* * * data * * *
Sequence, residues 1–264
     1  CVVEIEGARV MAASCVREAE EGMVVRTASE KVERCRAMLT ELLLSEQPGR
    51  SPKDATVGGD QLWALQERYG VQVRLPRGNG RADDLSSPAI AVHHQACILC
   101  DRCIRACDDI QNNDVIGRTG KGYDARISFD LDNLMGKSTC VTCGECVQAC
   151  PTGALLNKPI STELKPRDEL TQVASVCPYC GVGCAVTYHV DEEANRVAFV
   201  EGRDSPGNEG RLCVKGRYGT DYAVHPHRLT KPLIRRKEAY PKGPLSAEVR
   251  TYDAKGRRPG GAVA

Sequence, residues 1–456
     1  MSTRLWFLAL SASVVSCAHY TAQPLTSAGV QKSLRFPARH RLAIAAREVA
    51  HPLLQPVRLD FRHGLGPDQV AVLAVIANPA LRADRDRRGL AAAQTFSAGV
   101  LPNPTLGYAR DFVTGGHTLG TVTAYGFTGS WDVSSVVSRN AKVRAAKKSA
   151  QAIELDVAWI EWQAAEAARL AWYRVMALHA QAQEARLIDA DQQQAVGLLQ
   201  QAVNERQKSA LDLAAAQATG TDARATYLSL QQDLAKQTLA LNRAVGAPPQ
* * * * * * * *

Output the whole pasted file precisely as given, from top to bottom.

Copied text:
Sequence, residues 1–264
     1  CVVEIEGARV MAASCVREAE EGMVVRTASE KVERCRAMLT ELLLSEQPGR
    51  SPKDATVGGD QLWALQERYG VQVRLPRGNG RADDLSSPAI AVHHQACILC
   101  DRCIRACDDI QNNDVIGRTG KGYDARISFD LDNLMGKSTC VTCGECVQAC
   151  PTGALLNKPI STELKPRDEL TQVASVCPYC GVGCAVTYHV DEEANRVAFV
   201  EGRDSPGNEG RLCVKGRYGT DYAVHPHRLT KPLIRRKEAY PKGPLSAEVR
   251  TYDAKGRRPG GAVA

Sequence, residues 1–456
     1  MSTRLWFLAL SASVVSCAHY TAQPLTSAGV QKSLRFPARH RLAIAAREVA
    51  HPLLQPVRLD FRHGLGPDQV AVLAVIANPA LRADRDRRGL AAAQTFSAGV
   101  LPNPTLGYAR DFVTGGHTLG TVTAYGFTGS WDVSSVVSRN AKVRAAKKSA
   151  QAIELDVAWI EWQAAEAARL AWYRVMALHA QAQEARLIDA DQQQAVGLLQ
   201  QAVNERQKSA LDLAAAQATG TDARATYLSL QQDLAKQTLA LNRAVGAPPQ